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The Cambridge Introduction to Shakespeare's Poetry (Cambridge Introductions to Literature) Paperback – November 8, 2010

ISBN-13: 978-0521705073 ISBN-10: 052170507X

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Product Details

  • Series: Cambridge Introductions to Literature
  • Paperback: 176 pages
  • Publisher: Cambridge University Press (November 8, 2010)
  • Language: English
  • ISBN-10: 052170507X
  • ISBN-13: 978-0521705073
  • Product Dimensions: 8.9 x 6.1 x 0.4 inches
  • Shipping Weight: 9.9 ounces (View shipping rates and policies)
  • Average Customer Review: 2.0 out of 5 stars  See all reviews (1 customer review)
  • Amazon Best Sellers Rank: #383,778 in Books (See Top 100 in Books)

Editorial Reviews

Review

"Schoenfeldt's volume has all the merits of a first-rate lecture series. It provides the facts, engages judiciously with current scholarship, and models exacting readings of target texts."
--Recent Studies of the English Renaissance

Book Description

A comprehensive guide to the pleasures and challenges of reading Shakespeare's poetry, this volume outlines the poems' complexity while making them accessible. Emphasizing the whole poetic corpus, not just the Sonnets, it addresses the many approaches and contexts available for reading the poems, and includes exemplary readings of individual poems.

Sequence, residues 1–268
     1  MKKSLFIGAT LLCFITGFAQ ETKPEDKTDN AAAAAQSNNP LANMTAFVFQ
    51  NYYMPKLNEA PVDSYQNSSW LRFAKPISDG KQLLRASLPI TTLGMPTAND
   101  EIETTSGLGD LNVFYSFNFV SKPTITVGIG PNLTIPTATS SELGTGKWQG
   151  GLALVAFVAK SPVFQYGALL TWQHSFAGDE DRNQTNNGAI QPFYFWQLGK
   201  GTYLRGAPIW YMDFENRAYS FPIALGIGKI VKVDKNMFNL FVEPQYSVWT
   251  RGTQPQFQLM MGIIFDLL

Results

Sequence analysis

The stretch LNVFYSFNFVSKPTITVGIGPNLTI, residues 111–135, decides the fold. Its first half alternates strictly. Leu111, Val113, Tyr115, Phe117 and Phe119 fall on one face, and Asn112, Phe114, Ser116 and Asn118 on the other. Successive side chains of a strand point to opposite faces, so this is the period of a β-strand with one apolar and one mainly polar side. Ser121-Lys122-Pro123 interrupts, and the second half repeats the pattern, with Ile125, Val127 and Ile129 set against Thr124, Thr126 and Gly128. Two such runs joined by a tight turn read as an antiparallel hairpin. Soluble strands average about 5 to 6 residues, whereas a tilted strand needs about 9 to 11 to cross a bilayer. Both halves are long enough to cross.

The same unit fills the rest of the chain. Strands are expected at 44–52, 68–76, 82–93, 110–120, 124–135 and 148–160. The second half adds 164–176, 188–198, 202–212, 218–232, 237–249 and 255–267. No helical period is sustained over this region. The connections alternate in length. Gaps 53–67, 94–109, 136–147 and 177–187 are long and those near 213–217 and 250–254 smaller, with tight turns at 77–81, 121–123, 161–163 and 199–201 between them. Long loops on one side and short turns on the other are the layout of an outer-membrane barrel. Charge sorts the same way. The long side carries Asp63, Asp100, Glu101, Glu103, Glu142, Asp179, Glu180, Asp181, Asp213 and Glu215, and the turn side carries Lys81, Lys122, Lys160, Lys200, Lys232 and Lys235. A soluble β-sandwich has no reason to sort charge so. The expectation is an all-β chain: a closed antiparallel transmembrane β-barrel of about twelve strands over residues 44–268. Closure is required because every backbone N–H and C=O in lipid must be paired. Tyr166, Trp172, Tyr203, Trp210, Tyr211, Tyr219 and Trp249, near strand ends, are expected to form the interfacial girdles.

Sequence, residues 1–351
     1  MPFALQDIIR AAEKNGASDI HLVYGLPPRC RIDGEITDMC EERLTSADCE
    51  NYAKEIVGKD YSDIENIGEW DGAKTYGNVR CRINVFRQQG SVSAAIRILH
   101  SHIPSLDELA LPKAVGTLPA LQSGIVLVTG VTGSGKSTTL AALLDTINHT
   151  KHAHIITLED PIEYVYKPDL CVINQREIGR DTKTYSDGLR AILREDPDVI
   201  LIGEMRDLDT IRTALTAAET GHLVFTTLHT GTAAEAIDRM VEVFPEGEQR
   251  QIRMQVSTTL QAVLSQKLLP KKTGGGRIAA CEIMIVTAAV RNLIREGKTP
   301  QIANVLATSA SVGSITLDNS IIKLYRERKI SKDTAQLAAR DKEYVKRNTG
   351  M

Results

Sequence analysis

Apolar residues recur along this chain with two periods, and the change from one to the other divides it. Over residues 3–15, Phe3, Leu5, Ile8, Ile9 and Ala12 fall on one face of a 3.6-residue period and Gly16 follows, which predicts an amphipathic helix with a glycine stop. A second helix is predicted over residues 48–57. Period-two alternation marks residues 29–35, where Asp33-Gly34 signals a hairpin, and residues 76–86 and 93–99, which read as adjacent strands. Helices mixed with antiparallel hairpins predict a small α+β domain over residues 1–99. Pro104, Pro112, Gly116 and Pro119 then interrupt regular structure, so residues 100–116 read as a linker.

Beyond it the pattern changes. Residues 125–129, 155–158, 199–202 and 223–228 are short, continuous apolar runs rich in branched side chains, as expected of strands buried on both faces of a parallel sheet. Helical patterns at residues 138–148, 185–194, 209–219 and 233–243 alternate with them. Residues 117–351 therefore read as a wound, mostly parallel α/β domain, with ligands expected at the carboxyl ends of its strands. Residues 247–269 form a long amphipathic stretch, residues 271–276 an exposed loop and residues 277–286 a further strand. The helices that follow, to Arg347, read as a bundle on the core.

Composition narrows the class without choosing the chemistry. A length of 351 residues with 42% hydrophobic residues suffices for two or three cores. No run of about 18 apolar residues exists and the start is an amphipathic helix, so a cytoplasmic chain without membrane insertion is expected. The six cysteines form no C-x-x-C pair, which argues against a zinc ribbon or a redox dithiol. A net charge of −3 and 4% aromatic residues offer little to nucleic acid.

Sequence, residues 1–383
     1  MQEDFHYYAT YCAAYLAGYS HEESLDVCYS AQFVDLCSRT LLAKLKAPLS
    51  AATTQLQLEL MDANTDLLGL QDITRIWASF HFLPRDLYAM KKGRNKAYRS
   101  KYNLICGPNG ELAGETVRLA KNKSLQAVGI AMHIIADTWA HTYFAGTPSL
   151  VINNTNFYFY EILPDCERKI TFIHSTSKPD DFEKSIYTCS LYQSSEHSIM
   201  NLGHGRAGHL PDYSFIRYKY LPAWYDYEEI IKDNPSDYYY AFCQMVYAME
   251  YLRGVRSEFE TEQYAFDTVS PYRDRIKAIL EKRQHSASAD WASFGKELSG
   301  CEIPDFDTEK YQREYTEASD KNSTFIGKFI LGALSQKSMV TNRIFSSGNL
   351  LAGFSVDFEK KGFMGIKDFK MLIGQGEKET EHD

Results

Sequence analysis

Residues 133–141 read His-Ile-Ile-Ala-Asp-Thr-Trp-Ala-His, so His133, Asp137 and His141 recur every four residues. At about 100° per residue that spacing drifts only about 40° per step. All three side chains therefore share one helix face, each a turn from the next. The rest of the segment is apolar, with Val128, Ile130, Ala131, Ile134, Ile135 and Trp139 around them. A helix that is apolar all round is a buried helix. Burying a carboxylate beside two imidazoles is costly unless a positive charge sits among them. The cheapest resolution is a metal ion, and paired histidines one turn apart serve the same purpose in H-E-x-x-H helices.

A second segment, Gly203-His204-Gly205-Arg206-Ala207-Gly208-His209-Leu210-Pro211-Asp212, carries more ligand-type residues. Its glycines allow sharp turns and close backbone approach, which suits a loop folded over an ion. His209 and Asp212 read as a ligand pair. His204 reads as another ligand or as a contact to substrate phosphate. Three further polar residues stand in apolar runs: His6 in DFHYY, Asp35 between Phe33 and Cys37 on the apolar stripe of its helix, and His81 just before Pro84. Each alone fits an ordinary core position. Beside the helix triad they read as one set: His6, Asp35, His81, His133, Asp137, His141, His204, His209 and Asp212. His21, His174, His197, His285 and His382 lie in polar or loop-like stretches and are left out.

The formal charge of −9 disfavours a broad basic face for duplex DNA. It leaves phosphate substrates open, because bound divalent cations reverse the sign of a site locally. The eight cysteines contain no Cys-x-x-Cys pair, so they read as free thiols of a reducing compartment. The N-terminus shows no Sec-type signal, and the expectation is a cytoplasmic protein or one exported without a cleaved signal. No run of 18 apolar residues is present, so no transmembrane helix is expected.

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6 of 8 people found the following review helpful By David Auerbach on November 19, 2011
Format: Paperback
This book does not, as the description says, give "the many approaches and contexts available for reading the poems." It is firmly within the new historicist school that has somewhat dominated Shakespeare studies for the last 30 years and is most associated with Stephen Greenblatt (though Greenblatt seems to have forsaken it in his recent, more populist books). Nothing wrong with that, but it renders this "Introduction" exceedingly tendentious. This sentence is fairly representative of the approach at work here: "As in the Sonnets, the concept of "use," loaning money out at interest, exempli'es the implicit economics of heterosexual reproduction, spending the capital of sperm to gain the interest of children."

So while you will find references to Joseph Pequigney's amazing 1996 book on sexuality in the sonnets, Such Is My Love: A Study of Shakespeare's Sonnets, you will not find any reference to Melchiori's Shakespeare's Dramatic Meditations: An Experiment in Criticism nor Leishman's Themes and Variations in Shakespeare's Sonnets, two classic studies. Both books certainly best this one on the sonnets, and John Kerrigan's Penguin edition of the Sonnets can fill in for a good discussion on A Lover's Complaint. Schoenfeldt's hardly cites any criticism prior to 1980, though the sparse references often make it hard to tell what he's drawing on.

Somewhat more egregiously, Schoenfeldt is iffy on questions of authorship.
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